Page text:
IGF 2020 WS #278 Updating International Approaches to Spyware Trade

Thematic Track

Organizer 1: Natalia Krapiva, Access Now
Organizer 2: Lucie Krahulcova, Access Now

Speaker 1: Iris de Villars, Civil Society, Western European and Others Group (WEOG)
Speaker 2: Paul Diegel, Government, Western European and Others Group (WEOG)
Speaker 3: Anstis Siena , Civil Society, Western European and Others Group (WEOG)

Moderator

Lucie Krahulcova, Civil Society, Western European and Others Group (WEOG)

Online Moderator

Natalia Krapiva, Civil Society, Western European and Others Group (WEOG)

Rapporteur

Natalia Krapiva, Civil Society, Western European and Others Group (WEOG)

Format

Panel - Auditorium - 60 Min

Policy Question(s)

1) Cybersecurity policy, standards and norms What are the gaps in existing approaches to spyware trade? What are the ways in which policy and regulation can contribute towards bridging those gaps? What are the roles that different stakeholders can play in these efforts?

We will identify the gaps in existing approaches to spyware trade, the ways in which policy and regulation can contribute towards bridging those gaps, as well as highlight the roles that different stakeholders can play in these efforts. The gendered impacts of the sub-sector of “stalkerware” and other tools facilitating intimate partner violence will receive particular attention.

SDGs

GOAL 3: Good Health and Well-Being
GOAL 5: Gender Equality
GOAL 9: Industry, Innovation and Infrastructure
GOAL 16: Peace, Justice and Strong Institutions

Description:

Many countries have enacted export controls on dual-use technologies, including surveillance and spyware technologies, to regulate their potential harmful use and contribute to the stability and trust in the international system. There are also regional and international regulations and frameworks concerning spyware and dual use, largely focused on export controls, such as the EU Dual-Use Regulation and the Wassenaar Arrangement. The effectiveness of these regimes and frameworks has been repeatedly tested as the use of invasive spyware technologies by authoritarian governments has proliferated, resulting in egregious human rights violations around the world. These violations do not fall equitably, but rather target human rights defenders, journalists, and women and girls specifically. Civil society has been calling for stronger export controls, more accountability and greater transparency from governments and companies to address and prevent these violations in the future. This workshop is aimed at identifying the gaps in existing approaches to spyware trade, the ways in which policy and regulation can contribute towards bridging those gaps, as well as highlighting the roles that different stakeholders can play in these efforts. To that end, we will convene representatives from the UN, EU, civil society, as well as companies, to discuss the national regimes, EU export control regulation, international agreements, as well as efforts by private companies. The gendered impacts of the sub-sector of “stalkerware” and other tools facilitating intimate partner violence will receive particular attention. We will allow 5 minutes for an introduction, 10 minutes for each of the 4 speakers to present and then address questions from the moderator and the audience.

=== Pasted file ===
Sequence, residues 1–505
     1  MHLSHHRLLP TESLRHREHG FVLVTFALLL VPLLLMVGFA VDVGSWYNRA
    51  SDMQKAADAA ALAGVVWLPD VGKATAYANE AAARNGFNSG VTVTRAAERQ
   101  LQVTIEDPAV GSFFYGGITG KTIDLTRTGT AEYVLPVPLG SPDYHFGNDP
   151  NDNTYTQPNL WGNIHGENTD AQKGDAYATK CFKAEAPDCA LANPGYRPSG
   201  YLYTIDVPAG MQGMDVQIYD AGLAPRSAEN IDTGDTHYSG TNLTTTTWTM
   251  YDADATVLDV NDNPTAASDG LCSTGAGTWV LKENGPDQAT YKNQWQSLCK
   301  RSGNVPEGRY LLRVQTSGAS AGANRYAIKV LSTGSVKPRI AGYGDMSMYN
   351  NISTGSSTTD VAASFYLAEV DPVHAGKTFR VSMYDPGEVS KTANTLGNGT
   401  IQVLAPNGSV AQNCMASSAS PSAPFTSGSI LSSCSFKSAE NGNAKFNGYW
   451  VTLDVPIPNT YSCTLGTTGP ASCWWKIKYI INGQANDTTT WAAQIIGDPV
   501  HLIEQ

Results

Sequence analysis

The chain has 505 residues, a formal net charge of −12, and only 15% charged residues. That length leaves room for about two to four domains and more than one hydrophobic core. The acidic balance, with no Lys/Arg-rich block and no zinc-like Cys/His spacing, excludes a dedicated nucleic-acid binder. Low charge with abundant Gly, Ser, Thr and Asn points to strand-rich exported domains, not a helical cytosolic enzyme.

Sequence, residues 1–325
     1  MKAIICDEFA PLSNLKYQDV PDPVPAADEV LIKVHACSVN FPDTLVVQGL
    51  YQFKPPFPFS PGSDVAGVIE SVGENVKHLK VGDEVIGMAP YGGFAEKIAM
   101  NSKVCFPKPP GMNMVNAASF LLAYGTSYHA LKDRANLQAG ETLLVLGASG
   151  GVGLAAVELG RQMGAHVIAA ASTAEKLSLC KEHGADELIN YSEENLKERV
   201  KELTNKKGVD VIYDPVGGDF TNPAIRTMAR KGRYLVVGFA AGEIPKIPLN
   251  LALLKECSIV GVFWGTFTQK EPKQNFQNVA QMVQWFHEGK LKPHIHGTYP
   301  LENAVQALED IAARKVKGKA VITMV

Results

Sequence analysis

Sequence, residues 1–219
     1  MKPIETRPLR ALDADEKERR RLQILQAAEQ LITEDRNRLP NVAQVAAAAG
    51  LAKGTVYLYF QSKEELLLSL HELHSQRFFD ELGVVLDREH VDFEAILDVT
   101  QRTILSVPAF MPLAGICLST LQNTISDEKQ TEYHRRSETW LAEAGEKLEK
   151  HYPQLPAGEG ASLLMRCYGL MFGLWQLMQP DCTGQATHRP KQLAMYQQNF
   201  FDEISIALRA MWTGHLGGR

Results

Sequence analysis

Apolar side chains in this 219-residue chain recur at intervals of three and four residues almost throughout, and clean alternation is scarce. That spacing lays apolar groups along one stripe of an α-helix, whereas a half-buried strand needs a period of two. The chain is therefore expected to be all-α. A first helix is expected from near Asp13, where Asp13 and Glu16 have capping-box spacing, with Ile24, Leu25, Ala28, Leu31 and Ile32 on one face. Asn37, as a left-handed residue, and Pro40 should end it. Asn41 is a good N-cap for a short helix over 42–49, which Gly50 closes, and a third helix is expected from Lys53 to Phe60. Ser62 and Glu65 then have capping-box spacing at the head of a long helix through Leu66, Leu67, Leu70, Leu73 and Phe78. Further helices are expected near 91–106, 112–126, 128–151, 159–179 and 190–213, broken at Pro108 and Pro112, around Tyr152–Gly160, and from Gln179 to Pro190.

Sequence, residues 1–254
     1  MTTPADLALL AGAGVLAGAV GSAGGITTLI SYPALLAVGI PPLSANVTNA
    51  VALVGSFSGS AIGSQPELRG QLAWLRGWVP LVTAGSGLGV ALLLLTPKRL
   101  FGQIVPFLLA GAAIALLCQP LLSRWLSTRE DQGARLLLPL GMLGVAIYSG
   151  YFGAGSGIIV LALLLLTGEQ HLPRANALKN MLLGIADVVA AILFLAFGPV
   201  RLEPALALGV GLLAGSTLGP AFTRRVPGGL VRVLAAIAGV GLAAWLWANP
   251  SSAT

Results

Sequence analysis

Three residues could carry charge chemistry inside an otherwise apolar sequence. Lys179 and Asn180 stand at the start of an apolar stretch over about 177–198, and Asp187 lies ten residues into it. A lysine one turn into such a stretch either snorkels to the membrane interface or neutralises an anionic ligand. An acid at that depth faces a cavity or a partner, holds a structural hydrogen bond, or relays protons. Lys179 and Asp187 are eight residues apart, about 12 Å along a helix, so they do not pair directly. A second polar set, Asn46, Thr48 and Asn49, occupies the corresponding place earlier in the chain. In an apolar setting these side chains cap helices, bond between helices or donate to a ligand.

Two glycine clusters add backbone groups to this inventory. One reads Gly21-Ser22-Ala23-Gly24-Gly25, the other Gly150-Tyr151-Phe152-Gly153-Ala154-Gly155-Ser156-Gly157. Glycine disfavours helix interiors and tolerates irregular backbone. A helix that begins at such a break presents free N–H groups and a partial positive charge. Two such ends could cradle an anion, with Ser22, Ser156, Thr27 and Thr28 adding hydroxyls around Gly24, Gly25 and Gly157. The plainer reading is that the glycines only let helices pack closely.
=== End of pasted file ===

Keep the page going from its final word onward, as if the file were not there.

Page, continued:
Expected Outcomes

We expect this session to feed into a larger effort of strengthening international, regional, and national spyware trade regimes. It will also feed into the private meeting on international litigation, including spyware, called Digital Rights Litigators Network meeting, that we are planning to hold at IGF 2020.

The moderators will make introductory remarks, ask questions, facilitate the Q&A from the audience

Relevance to Internet Governance: Our session directly relates to Internet Governance, since it seeks to identify gaps in current regimes governing spyware trade and strengthen them through policy and regulation.

Relevance to Theme: Better spyware trade regimes would enhance stability and trust in the international system. It will also enhance security and resilience of the infrastructure, systems and devices, and make people more safe and secure. During the session, we will discuss strategies and best practices for protecting both systems and users, along with the appropriate roles and responsibilities of governments, private sector, technical community, civil society and academia, while taking into account multidisciplinary perspectives.

Online Participation

 

Usage of IGF Official Tool.